If you want to liven up your holiday party try one of my favorite casseroles. While most of your guests may never heard of Chayote before they will never forget how great it tastes. A common theme at all holiday parties is to bring a new and unique dish that will amaze and please your guests. Once you have used Chayote squash and have discovered its great ability to absorb the flavors of the ingredients it is combined with to present a new and unique taste with each dish you will find a new place in your menus for it.
Chayote is also called mirliton, vegetable pear and other names in other countries, such as guisquil in Guatemala, where I first learned to use this squash. It is a relatively flavorless fruit, generally used as a vegetable. Similar to zucchini, its lack of specific flavor makes it an excellent choice to mix with other more flavorful ingredients. It is excellent as a side dish, and can even be made into a dessert. This is one very savory way I like making this into a side dish for my family.
Chayote and Goat Cheese Casserole
3 chayote squash, halved, cored, peeled and sliced thinly
4 ounces mild goat cheese
1/4 medium onion, thinly sliced
2 teaspoons green peppercorns in brine
2 tablespoons flour
1 cup milk
1/2 cup sour cream
1 teaspoon salt
1/4 teaspoon ground white pepper
Preheat oven to 375 degrees. Butter or spray with cooking spray an 8 inch square or 7 x 11 inch casserole dish. Place half the squash slices into the bottom of the pan, evenly. Sprinkle on half the onion slices, then one tablespoon of the flour, 1 teaspoon of the green peppercorns, drained, and half the goat cheese, crumbled. Place the rest of the chayote slices evenly over the first layer, repeating with the rest of the flour, onion, peppercorns and goat cheese.
In a bowl, combine the milk and sour cream with a whisk. Whisk in the salt and white pepper. Pour over the casserole. Cover the casserole with foil and bake for 30 minutes. Remove the foil and bake for 45 minutes more, until the squash is tender. Makes 6 servings.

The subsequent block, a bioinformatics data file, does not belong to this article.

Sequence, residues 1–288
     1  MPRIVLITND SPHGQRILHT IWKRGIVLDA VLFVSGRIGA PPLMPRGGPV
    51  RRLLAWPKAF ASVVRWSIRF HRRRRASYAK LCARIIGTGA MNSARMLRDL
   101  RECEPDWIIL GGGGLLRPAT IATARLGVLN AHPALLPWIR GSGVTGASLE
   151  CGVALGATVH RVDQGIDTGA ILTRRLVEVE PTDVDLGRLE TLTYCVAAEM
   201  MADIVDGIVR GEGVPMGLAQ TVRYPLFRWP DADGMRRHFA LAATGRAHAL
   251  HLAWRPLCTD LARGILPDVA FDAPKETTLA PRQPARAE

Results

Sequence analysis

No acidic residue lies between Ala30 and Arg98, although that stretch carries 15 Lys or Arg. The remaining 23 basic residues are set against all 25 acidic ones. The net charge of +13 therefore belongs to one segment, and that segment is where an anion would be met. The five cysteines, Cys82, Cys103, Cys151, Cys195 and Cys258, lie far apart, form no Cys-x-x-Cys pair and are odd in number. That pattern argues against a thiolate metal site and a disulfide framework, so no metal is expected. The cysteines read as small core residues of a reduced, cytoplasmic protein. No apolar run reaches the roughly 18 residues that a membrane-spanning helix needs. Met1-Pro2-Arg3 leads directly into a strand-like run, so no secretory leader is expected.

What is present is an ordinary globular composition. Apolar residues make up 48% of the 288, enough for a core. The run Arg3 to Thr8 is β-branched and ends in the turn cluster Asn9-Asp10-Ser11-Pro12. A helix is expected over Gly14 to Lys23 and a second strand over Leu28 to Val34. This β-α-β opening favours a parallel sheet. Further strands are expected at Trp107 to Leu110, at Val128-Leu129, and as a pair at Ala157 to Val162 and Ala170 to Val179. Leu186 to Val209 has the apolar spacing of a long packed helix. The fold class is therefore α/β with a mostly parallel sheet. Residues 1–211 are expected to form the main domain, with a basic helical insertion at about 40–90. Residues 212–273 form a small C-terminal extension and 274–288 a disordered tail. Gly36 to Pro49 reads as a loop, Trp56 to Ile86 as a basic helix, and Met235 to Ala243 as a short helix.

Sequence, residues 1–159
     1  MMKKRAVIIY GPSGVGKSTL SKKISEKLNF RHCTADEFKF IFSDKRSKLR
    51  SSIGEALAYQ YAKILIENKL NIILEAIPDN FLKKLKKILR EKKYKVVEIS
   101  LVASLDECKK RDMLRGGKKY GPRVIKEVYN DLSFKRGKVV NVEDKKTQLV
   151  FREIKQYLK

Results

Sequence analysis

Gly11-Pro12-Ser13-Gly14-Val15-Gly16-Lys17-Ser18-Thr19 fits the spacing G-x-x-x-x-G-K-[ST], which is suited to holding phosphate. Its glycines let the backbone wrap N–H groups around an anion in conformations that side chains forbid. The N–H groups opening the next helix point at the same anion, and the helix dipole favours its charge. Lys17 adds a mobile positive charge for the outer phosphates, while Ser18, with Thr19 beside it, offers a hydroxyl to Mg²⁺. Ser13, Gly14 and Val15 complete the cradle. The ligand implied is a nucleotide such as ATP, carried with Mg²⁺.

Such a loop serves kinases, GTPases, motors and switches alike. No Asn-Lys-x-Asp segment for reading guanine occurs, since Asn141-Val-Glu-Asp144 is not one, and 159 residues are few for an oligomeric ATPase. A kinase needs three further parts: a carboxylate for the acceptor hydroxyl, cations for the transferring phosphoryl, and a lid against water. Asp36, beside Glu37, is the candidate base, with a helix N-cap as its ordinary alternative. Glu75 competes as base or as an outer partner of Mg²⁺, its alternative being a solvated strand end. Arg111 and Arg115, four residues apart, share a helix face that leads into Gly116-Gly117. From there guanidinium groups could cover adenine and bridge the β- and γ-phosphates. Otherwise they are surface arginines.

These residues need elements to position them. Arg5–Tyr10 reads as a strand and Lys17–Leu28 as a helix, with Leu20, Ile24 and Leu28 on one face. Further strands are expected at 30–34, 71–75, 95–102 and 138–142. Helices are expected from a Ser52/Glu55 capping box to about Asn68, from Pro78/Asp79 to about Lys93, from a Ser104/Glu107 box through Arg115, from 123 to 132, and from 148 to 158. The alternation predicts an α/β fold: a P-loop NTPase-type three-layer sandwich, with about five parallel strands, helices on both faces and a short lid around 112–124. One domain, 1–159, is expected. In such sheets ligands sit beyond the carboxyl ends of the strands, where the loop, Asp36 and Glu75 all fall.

Chayote squash grow on a vine. They are easily grown by planting the entire fruit, which will need a support for the vine to climb. It is from the cucurbita family as are pumpkins, gourds and other squash. Grow your own and have a bounty of this lesser used fruit for your family and friends. A wonderful filler food, it can be added to soups, stews, or mixed with potatoes in a dish or casserole. The squash may also be used in place of potatoes in your favorite scalloped potato dish, reducing the high carb load of the potatoes.
About The Author
My name is Chris Rawstern and I have been on a cooking and baking journey for 42 years. Many people have asked what A Harmony of Flavors means. Have you ever had a meal where the visual presentation was stunning, the smells were incredible, the taste was so remarkable that you ate slowly savoring every bite, wishing the experience would never end? Then you have experienced what a truly harmonious meal can be like.
My passion is to teach people how to create a Harmony of Flavors with their cooking, and help pass along my love and joy of food, both simple and exotic, plain or fancy. I continue my journey in ethnic and domestic cuisines, trying new things. I would love to hear from you, to help me continue my journey to explore diverse culinary experiences and hopefully to start you on a journey of your own.
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